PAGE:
Sunday, August 1, 2010

So Little Time

According to a plethora of sources, I should need an hour (or less!) per day to complete my child’s kindergarten studies. I’m not sure whether to laugh at the absurdity or weep for all the children whose parents are giving them so little. Perhaps I should also weep for the parents who believe an hour is all they can handle, all their children deserve, or even worth their time. Small wonder that homeschooling is scoffed at.

My daughter wakes up asking me when we're going to start (even on the weekend). Once we get into it, it really is hard to stop- she's a sponge and I'm a faucet! What we need is more time, not less. Except for that one day...we had been doing so much, I think she needed a day of something different while her brain caught up. Hooray, homeschooling! I can give her what she needs every day, maximizing her progress while minimizing her stress.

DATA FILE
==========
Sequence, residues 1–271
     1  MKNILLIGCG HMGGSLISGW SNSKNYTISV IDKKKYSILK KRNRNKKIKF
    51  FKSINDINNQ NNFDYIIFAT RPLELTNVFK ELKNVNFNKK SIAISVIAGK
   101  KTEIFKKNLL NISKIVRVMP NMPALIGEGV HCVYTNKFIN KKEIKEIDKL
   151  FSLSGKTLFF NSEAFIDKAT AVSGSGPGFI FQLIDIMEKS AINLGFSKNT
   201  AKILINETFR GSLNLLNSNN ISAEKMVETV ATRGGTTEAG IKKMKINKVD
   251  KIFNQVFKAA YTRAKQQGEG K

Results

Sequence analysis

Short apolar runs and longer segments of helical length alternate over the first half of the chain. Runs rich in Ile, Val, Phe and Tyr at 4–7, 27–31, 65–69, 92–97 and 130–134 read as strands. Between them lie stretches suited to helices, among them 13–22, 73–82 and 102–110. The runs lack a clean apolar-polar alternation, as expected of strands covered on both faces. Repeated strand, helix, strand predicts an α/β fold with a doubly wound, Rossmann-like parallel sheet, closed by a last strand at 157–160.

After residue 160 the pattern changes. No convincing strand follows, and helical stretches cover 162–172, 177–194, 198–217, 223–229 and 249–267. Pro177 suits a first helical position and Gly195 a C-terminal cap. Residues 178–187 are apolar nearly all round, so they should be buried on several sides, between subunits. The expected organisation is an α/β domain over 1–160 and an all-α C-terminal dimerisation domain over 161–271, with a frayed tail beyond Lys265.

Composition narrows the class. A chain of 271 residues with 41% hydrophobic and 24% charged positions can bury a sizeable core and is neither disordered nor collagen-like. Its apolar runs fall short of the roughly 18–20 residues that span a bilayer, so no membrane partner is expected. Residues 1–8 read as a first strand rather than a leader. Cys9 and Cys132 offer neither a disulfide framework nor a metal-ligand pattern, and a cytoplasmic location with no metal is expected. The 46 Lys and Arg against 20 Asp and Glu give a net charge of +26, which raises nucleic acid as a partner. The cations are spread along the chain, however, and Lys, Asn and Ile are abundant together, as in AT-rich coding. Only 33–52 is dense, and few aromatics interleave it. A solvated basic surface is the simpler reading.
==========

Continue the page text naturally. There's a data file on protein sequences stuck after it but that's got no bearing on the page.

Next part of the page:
(Sure, this isn't what happens in the average, low-paying job. But why is it that we want our children to start hating life earlier and earlier instead of learning to use their creativity to do something that nourishes their mind and spirit?)

Wednesday, July 14, 2010

Thirteen Years

Thirteen years is a long time. Especially when preceded by only four or five barely memorable ones and when six of them are yet to be served. Anything that demands that much time of nearly every American's life must also demand our analysis, creativity, and careful attempts to improve it.

One approach is homeschooling. Within that category are countless alternatives: from school-at-home, which is an alternative setting rather than an innovative educational approach, to unschooling, which is based on the belief that whatever needs to be learned will be if a caring parent guides and enables their children to pursue what they are interested in. Methodology is a manifestation of personal philosophy.

What is my why?

I constantly tell both skeptics and supporters that there are countless reasons why: to maximize independence and achievement while minimizing stress and pretense, to interact with my children and have them interact with one other, to learn what I missed the first time, to travel and set our own schedule, to not take the full the thirteen years…